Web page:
The most recent report for my state that I could find (2013) states 5.25 percent of Ohio bats out of the 5104 tested had rabies (the numbers above are nationwide) – and in my general region, 10 bats tested positive (6 in my specific county, Hamilton). That’s the odds I’d be betting on…how many in your area are likely to have it. Had I not been scratched, I don’t think I’d have gotten the shots.

      It’s an interesting report…and I’m a geek 🙂
      https://www.odh.ohio.gov/~/media/ODH/ASSETS/Files/bid/zdp/Diseases/rabies/rabreport.pdf

  3. Kevin Thomas says:

    That is some interesting furniture ornamentation.

  4. It’s a large needle, gigantic shot of Human Rabies Immune Globulin (HRIG), usually right where you sit. You also get a 1 ml. shot of vaccine on days 0, 3, 7 and 14. Worse yet, this isn’t a go to the doctor and get a shot thing from some random doctor; you have to get the complete set from a single practice. And if you have non-refundable airline tickets… tough luck.

    We didn’t get to Disney World that year. My wife was NOT AMUSED.

    • fitz says:

      Here, one has to go to the hospital for the full treatment; doctors don’t have it on hand because it’s rarely needed, I guess. (Or at least my doctor doesn’t)

  5. I feel much the same way that you do about bats (I think they’re cute, like little flying dogs). They’re mostly harmless, as Douglas Adams would say. I could also see myself jumping out of my skin if one unexpectedly woke me up in the middle of the night, but I’m easily startled. 🙂 I’m glad you’re feeling better, needles can be hard to get used to (I’m diabetic myself, quite inured to the pokey things by now). I heartily applaud your efforts to encourage your erstwhile housemates to find other quarters. Bats are very important to the ecology they live in, and we’d all be poorer for them not being around.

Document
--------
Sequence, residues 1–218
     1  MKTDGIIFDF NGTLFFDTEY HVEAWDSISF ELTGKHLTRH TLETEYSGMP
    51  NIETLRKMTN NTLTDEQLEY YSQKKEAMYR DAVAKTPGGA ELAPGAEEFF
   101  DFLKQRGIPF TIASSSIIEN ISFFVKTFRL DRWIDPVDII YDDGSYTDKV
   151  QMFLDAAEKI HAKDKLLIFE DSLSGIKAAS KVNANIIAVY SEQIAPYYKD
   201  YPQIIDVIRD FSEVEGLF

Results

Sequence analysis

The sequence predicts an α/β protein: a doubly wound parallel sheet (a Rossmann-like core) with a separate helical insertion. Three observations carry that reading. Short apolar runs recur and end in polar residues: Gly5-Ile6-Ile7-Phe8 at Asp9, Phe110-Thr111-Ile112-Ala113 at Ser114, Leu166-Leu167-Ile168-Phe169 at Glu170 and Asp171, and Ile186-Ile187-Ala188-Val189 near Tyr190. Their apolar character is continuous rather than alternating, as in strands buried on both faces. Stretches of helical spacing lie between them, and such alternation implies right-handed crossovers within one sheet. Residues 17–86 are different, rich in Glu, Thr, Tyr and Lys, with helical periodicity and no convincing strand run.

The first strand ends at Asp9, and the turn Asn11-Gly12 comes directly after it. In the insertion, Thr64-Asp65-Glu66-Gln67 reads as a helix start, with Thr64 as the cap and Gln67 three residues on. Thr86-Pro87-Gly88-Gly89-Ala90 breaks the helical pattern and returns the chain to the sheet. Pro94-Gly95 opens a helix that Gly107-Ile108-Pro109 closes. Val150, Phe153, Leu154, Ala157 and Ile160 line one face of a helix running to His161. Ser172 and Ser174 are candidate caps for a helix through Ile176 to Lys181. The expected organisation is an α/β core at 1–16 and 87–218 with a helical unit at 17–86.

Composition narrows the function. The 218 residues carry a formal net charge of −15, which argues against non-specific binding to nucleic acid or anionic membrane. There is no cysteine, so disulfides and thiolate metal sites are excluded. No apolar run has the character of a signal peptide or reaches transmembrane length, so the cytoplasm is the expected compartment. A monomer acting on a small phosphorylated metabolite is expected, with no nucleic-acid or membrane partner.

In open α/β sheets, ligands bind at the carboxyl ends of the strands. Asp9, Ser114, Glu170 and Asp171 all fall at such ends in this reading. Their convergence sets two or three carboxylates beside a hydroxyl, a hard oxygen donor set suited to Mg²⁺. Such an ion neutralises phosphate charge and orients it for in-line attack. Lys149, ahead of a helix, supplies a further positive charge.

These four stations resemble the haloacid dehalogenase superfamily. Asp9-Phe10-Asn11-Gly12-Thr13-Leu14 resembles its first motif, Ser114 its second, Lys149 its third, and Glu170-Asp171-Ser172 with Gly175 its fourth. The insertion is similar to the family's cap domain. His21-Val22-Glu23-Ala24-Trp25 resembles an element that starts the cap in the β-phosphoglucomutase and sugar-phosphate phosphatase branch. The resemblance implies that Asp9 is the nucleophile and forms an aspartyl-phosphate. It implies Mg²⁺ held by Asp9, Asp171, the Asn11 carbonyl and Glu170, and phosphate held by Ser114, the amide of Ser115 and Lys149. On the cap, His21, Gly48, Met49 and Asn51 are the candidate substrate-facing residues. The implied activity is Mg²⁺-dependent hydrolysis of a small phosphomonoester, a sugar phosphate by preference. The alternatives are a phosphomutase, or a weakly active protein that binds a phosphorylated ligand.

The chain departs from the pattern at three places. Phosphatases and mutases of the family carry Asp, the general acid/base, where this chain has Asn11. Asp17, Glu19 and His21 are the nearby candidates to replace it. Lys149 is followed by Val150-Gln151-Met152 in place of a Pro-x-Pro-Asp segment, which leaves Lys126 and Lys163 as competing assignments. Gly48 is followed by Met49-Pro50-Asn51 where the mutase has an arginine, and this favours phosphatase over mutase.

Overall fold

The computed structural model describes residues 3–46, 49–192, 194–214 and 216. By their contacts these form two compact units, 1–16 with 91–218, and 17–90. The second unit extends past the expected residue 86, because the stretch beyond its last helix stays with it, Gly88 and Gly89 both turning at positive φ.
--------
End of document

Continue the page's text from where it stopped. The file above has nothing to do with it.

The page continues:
6. bsrlee says:

    Hooray for Modern Medicine, the ‘old’ post-bite anti-rabies treatment was apparently horrendous, involving big needles stuck into bits inside the abdomen where no needle was meant to go. For travelers to places like Asia and Europe, getting the rabies immunization shot/s before you go is claimed to be a lot less traumatic than getting treatment after.

    Lucky for me, I live in Australia where we don’t have rabies, despite the efforts of various self indulgent celebrities to being un-quarantined animals into the country – there are good reasons for bio-security thanks.

  7. jmwagle86 says:

    So sorry to hear about this problem! I had no idea that bats could be such an issue! Or expense! OMG I’m sure I would violate some of those ordinances mentioned, (especially those referencing what one cannot do to a pest inside one’s home!)
    Hang in there, be careful, this too shall pass.

  8. I had no idea about the shots. That’s nuts. Glad you’re making some progress on the issue. I don’t think asking the former owners for reparations would get you far. It would be hard to prove they were negligent. It might just be one of those things.

    Is there a reason you need to wait on the young bats? Are they protected or are you just being mindful of their wellbeing?

  9. Pingback: That’s a Three-barbarian Door – Woodworking Unplugged

  10. Ugh! Hopefully this is the falling action part of your soon-to-be-ending story.

  11. Dave Reedy says:

    So would it be out of line to give you the nickname of “Bat Girl”?

  12. check the siding on your home, any gap roughly 1/2″ to a full inch is enough for them to get into your home as it is old enough not to be built in the modern means today of course. I discovered this info as I had to have my 1880’s gone trough to remove those winged rats. My son before he moved out took a butterfly net and shoved it into the end of some PVC pipe. we used it too much I say before they were evicted in a humane way.

  13. nrhiller says:

    You crack me up. You are such a great writer, so knowledgeable, and f-ing hilarious, in addition to resourceful and brave. This post and the one about escaping from the storeroom are treasures. So glad you keep pulling through in your adventures!

  14. Tom Stephenson says:

    The reason I warned you is I had the misfortune of conducting the funeral of a 16 year old who contracted rabies from a bat. He was not bitten or scratched that we know of. Probably he came into contact with saliva or waste. It is not a pleasant way to die.

    • fitz says:

      Oh my – that’s terrible. How horrible for him and his friends and family. I imagine no manner of death is pleasant, but rabies does seem to be particularly awful.